And that’s what happened in Vancouver. Car use has gone down in the central area (about 13 percent between 1994 and 1999) and continues to drop. Transit has gone up, and walking has exploded. The air-quality downtown is actually better than many other places in the region, and the noise level along some of the shopping streets is a lot quieter than Highway 97.
I haven’t seen the Canadian Policy Research Network’s report, but I’ll check it out. It doesn’t match my experience in the West End. I can report that we now have more children being borne to parents living downtown than some of the west-side neighbourhoods in Point Grey, a new elementary school that is already oversubscribed, and ‘stroller gridlock’ on some Yaletown streets around the community centre. These are people who can make choices, and at this point in their lives they like what downtown has to offer.
But I’d never suggest that it is a solution that should be imposed on people: it’s a choice, and should be only one of many. It also addresses sustainability issues that the current forms of development that predominate in Kelowna (and most other places) do not.
Affordability and poverty are definitely issues in Vancouver – and I’d suggest would be even if we never built a highrise. One thing, though: the cost of existing housing for lower-middle-income renters would most likely be much higher. Though it’s rarely reported, the new housing built downtown definitely took pressure off the older housing stock, particularly in the West End, that is still largely occupied by below-average-income people. (Since so many do without cars, the cost of housing is more affordable as well. And the ability to do without a car is realistic because so many options are available, whether walking, bike or transit.)
It’s not propaganda to say that developers provide lifestyle with nature and urban amenities: that was the aim of the planning. We cleaned up False Creek, build 50 acres of new waterfront park, extended the seawall, greened up our streets, reduced through traffic, and provided a range of housing choices, including non-market, without incurring significant new costs for existing taxpayers. We made those amenities a condition of development.
We also gave an alternative for 50,000 people who would otherwise have to compete for housing in existing neighbourhoods or go out to new development on greenfield sites, putting pressure on our agricultural land reserve and natural areas.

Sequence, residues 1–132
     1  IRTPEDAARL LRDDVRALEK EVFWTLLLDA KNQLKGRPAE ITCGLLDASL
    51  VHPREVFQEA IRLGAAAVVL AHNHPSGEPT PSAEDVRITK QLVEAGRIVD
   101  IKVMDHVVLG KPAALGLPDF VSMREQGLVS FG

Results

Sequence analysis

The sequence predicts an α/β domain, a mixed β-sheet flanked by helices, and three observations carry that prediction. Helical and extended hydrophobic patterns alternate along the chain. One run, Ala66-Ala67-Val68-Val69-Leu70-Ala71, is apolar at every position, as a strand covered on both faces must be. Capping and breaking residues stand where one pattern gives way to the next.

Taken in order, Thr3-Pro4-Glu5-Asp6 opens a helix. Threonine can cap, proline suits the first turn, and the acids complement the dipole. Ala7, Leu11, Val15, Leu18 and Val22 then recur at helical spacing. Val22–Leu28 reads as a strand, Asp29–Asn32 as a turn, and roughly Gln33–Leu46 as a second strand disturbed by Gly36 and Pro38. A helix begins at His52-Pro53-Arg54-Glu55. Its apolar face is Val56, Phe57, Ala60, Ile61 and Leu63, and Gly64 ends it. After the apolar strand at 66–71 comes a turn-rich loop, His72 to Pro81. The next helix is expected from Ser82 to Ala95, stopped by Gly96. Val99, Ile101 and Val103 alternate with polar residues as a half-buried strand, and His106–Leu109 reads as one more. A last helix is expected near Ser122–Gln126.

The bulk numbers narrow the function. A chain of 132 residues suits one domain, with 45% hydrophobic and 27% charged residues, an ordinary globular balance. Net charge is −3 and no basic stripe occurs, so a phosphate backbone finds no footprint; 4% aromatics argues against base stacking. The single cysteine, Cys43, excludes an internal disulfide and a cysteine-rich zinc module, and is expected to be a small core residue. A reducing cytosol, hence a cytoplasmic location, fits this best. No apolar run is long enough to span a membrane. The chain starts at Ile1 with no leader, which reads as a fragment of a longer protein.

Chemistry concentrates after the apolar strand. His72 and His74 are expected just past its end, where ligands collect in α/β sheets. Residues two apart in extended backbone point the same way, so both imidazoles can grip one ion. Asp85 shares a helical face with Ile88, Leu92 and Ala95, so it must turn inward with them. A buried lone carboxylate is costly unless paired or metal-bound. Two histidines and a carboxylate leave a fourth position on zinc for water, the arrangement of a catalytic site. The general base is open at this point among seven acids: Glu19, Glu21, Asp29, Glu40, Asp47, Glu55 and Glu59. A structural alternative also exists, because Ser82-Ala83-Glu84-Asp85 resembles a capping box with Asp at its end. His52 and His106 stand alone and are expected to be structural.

It is by no means perfect, it’s not for everyone, there are many ways to do it – but it’s a choice. Seems to me that Kelowna could use a few more choices if it wants to save those very factors that make it so attractive.
That got the discussion going – and indeed, the issue was about growth:
I do agree with some of what you said below, but I take issue with the idea that increasing density (and so-called “smart” growth) will somehow preserve green space and agricultural land, especially that sort of space at the edges of a city. The evidence is clear that this sort of social/urban engineering only delays the destruction of this sort of space. L.A. has some of the highest urban density in the U.S., and I would hardly call it a model of eco-density. Green space is still disappearing around the smart growth “poster child” cities such as Portland.
My hackles also go up when people talk about decreases in car usage, increases in green space and so on, as I am fully aware of the difference between “per capita” figures and total figures. Kelowna for example claims a significant reduction in water use over the past few years, but that is per capita. The total amount used has remained constant, and I find the misrepresentation behind such statements offensive.
I do take issue with your comments about air quality in Vancouver. In reading the reports about the Fraser Valley airshed, it’s clear that the major source of the smog there is from Vancouver (road and boat traffic alike), and that the winds are generously moving that pollution out of the city. Out of sight, out of mind, does not appeal to my social conscience.